Inflammation is at the heart of numerous diseases and new research has found that the timing of cell death is crucial to this process. My research uses host cell factor targeting to combat difficult-to-treat infections and the growing threat of antibiotic-resistance.

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Associate Professor Kate Lawlor from the Cell Death and Inflammatory Signalling Research Group at Hudson Institute

Areas of interest

Inflammatory bowel disease (IBD) Influenza Pneumonia

Research group

Cell Death and Inflammatory Signalling


Associate Professor Kate Lawlor heads the Cell Death and Inflammatory Signalling Group within the Centre for Innate Immunity and Infectious Diseases at the Hudson Institute. A/Prof Lawlor received her PhD in Medical Biology in 2004 at the Walter and Eliza Hall Institute of Medical Research and The University of Melbourne. After being awarded an NHMRC CJ Martin Overseas Biomedical Fellowship, she completed postdoctoral research at the Cambridge Institute for Medical Research, University of Cambridge, UK and the Walter and Eliza Hall Institute, most recently in the laboratory of Dr James Vince. During this time, she established expertise in the molecular and cellular dissection of inflammatory signalling pathways, and the translation of these findings in vivo using models of autoimmune, inflammatory and infectious diseases. Since she was recruited to her current position in 2018, A/Prof Lawlor has been awarded an ARC Future Fellowship (2020-23) and NHMRC funding (CIC 2018-20, CIA 2019-21, CIA 2020-22).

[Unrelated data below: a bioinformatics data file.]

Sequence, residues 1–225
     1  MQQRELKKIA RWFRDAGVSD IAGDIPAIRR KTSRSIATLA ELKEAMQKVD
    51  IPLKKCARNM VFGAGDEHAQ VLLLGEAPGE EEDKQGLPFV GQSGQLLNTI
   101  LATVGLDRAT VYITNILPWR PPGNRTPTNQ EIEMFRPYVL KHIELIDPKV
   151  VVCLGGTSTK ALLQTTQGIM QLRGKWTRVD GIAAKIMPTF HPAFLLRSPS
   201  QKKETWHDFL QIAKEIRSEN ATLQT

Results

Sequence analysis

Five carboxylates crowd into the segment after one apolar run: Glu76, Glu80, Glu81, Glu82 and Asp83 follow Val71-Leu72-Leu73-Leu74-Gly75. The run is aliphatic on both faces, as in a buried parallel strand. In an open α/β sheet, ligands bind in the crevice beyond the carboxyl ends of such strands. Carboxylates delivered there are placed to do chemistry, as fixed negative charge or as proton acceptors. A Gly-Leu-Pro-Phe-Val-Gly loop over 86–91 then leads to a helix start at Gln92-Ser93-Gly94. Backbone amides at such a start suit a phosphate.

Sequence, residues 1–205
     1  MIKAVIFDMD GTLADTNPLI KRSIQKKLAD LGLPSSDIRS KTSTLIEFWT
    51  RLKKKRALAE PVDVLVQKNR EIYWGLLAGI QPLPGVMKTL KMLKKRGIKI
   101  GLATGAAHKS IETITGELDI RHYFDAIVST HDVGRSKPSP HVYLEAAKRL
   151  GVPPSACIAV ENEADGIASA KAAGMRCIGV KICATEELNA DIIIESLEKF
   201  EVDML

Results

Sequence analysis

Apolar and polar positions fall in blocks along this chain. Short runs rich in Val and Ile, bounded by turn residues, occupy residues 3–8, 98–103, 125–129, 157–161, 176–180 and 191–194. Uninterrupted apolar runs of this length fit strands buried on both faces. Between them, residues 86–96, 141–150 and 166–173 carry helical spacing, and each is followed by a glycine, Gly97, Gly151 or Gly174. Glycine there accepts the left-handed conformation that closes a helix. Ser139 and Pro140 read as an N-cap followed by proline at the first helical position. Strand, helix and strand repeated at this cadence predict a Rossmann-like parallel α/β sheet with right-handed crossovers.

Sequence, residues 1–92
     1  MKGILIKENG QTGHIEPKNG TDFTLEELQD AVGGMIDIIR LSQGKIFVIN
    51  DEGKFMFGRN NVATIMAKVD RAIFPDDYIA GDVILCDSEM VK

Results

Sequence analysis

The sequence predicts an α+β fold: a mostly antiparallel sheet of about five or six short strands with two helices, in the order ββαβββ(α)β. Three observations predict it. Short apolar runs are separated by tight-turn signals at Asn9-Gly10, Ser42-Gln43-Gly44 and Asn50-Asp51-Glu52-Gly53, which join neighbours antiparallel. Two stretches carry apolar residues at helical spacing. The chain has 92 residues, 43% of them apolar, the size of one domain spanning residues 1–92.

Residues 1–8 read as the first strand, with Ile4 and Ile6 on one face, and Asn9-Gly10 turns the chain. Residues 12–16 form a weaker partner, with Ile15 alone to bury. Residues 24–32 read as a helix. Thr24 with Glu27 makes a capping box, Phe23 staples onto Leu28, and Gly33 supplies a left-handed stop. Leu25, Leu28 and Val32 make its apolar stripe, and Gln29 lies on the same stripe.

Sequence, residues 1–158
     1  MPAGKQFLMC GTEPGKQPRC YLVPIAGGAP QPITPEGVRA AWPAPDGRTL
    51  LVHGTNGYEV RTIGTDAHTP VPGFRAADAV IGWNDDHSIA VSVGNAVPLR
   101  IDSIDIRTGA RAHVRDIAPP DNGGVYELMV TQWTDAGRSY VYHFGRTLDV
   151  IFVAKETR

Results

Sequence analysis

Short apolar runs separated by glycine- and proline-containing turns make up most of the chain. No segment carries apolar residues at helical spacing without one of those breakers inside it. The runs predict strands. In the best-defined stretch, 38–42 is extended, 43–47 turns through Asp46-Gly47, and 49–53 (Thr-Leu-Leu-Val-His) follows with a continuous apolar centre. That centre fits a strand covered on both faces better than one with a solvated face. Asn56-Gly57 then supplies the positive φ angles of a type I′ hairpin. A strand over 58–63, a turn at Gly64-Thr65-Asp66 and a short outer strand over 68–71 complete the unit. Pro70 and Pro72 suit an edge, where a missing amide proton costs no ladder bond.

Her recent work has transformed our understanding of programmed cell death in the context of inflammation, by revealing how distinct cell death pathways can activate pattern recognition receptors, called inflammasomes, to promote inflammation. This work has resulted in numerous publications in prestigious journals, including Nature, Nature Immunology, Nature Microbiology, ImmunityCell, Nature CommunicationsCell ReportsEMBO Reports and PNAS. A/Prof Lawlor is also actively engaged with industry, acting as a scientific consultant for a number of companies, including CSL, and is an inventor on a patent for an anti-inflammatory therapy, now under licence and in phase I clinical trials. She is currently a Deputy Editor for Immunology and Cell Biology.

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